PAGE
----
The next step would be to define specifically both eligibility criteria and what should be mandatory before omalizumab can be considered. Eligibility might be repeated life threatening exacerbations, or inability to wean the child off oral corticosteroids. Obvious examples of mandatory evaluation would be documentation of adequate inhaler technique, assessment of adherence by accessing prescription records, a home visit, minimising exposure to relevant allergens and documenting with cotinine measurements that tobacco smoke exposure has been minimised. The group should be equally specific about the monitoring during the clinical trial of therapy, and what will be deemed to constitute an acceptable clinical response. The definition of these precise protocols would mean restricting prescription to specialists who can implement them, and, importantly, allow the prospective gathering of data to determine what is predictive of benefit.
The final remit for the group would be to try to define what randomised controlled trials are needed in the future, and to work with the Medicines for Children Research Network and National Institute for Health Research to secure funding. In the case of omalizumab, entry criteria would be children at Step 5 who have been carefully screened to ensure they really do not respond to standard therapy. The current NICE suggestion of a head to head comparison between prednisolone and omalizumab is untenable. The side-effect profiles are not comparable, and corticosteroids could not ethically be withheld if they were needed. Far better would be a multicentre dose reduction study, in children prescribed either very high dose ICS or oral prednisolone. The expert group could collaborate with others to see if there are enough eligible children within the UK to ensure that any proposed studies are feasible.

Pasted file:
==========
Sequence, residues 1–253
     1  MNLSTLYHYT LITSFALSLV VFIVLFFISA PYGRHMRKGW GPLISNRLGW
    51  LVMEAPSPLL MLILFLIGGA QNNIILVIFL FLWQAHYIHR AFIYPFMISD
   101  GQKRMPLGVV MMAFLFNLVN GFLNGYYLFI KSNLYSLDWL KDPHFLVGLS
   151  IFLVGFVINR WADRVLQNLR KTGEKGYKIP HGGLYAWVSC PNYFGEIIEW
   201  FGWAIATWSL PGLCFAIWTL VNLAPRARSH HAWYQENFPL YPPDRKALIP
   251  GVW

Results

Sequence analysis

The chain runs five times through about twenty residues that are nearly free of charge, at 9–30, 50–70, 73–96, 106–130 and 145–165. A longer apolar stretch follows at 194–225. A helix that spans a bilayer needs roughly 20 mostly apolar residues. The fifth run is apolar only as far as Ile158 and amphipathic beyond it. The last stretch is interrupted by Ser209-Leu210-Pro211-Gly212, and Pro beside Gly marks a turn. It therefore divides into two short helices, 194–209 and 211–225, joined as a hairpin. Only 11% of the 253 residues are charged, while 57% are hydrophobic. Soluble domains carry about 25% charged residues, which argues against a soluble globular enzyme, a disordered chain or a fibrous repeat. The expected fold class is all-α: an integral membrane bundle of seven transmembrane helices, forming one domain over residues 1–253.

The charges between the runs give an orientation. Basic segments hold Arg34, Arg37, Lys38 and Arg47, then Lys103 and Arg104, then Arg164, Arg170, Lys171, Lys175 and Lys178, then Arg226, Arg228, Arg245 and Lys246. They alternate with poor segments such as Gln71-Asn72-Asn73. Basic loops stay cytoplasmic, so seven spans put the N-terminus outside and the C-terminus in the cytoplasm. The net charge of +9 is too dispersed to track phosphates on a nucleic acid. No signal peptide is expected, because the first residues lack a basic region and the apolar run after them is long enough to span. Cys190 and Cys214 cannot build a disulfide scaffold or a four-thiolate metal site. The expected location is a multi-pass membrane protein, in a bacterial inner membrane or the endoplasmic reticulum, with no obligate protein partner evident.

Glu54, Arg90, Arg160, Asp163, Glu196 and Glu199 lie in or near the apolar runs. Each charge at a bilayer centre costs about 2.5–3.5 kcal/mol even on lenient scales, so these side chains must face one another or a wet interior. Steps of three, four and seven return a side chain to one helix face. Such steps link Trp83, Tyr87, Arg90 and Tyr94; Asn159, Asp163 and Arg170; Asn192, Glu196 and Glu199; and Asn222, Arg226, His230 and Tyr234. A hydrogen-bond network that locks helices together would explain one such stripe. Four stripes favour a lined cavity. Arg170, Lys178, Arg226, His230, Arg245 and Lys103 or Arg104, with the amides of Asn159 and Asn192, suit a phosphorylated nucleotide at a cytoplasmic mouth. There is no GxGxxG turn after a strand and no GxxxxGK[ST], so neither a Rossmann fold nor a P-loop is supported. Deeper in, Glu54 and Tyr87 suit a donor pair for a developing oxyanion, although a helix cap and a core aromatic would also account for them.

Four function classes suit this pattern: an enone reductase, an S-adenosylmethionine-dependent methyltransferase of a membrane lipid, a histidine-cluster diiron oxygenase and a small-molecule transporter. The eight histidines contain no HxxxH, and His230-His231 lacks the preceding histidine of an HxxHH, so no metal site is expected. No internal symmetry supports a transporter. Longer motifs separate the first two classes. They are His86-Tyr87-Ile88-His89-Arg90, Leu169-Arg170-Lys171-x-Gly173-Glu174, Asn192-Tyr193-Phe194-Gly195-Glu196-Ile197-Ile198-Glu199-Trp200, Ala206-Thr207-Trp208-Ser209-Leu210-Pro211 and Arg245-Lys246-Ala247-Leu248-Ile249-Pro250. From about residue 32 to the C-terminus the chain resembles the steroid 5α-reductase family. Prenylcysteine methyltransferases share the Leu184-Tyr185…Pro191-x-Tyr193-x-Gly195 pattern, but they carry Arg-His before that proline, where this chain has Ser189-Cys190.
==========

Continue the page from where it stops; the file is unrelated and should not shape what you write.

In summary, we believe that the NICE procedures should be improved. Instead of the adversarial positions that NICE and specialists currently occupy, would it not be better to work together, to ensure that children who need expensive treatment receive it, that scarce resources are not frittered away on those who for whatever reason are not prepared to get the basics right, and that data are gathered prospectively in order to refine future decision making?
Competing interests AB, None; WL, None; DS, Received honoraria for speaking and attending advisory boards from Novartis pharmaceuticals. JOW, Scientific advisory board and/or paid lectures and/or recipient of research funding from Danone, Airsonette, UCB pharma, Novartis, Merck, Astra/Zeneka, GSK, Lincoln Medical, Mead Johnson. Until 2009 Trustee of Anaphylaxis Campaign and Editor in Chief of Pediatric Allergy and Immunology. Currently Trustee of RCPCH and member of council. Chair of RCPCH allergy care-pathways project. Contributor to RCPCH feedback to NICE omalizumab HTA for 6–12 year olds.
Provenance and peer review Commissioned; externally peer reviewed.